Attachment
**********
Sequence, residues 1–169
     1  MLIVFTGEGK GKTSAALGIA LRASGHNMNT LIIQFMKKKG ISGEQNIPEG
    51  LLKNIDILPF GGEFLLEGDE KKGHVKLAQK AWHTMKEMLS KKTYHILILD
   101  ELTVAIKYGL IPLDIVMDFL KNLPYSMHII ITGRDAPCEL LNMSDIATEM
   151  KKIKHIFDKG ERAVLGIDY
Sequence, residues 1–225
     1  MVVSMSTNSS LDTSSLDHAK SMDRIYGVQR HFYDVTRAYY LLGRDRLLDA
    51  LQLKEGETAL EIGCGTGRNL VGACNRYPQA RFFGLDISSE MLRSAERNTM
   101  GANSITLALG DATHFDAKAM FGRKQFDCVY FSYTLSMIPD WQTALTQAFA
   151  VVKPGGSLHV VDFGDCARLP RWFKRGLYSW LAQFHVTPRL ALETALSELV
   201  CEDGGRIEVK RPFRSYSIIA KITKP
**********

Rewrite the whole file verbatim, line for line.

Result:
Sequence, residues 1–169
     1  MLIVFTGEGK GKTSAALGIA LRASGHNMNT LIIQFMKKKG ISGEQNIPEG
    51  LLKNIDILPF GGEFLLEGDE KKGHVKLAQK AWHTMKEMLS KKTYHILILD
   101  ELTVAIKYGL IPLDIVMDFL KNLPYSMHII ITGRDAPCEL LNMSDIATEM
   151  KKIKHIFDKG ERAVLGIDY
Sequence, residues 1–225
     1  MVVSMSTNSS LDTSSLDHAK SMDRIYGVQR HFYDVTRAYY LLGRDRLLDA
    51  LQLKEGETAL EIGCGTGRNL VGACNRYPQA RFFGLDISSE MLRSAERNTM
   101  GANSITLALG DATHFDAKAM FGRKQFDCVY FSYTLSMIPD WQTALTQAFA
   151  VVKPGGSLHV VDFGDCARLP RWFKRGLYSW LAQFHVTPRL ALETALSELV
   201  CEDGGRIEVK RPFRSYSIIA KITKP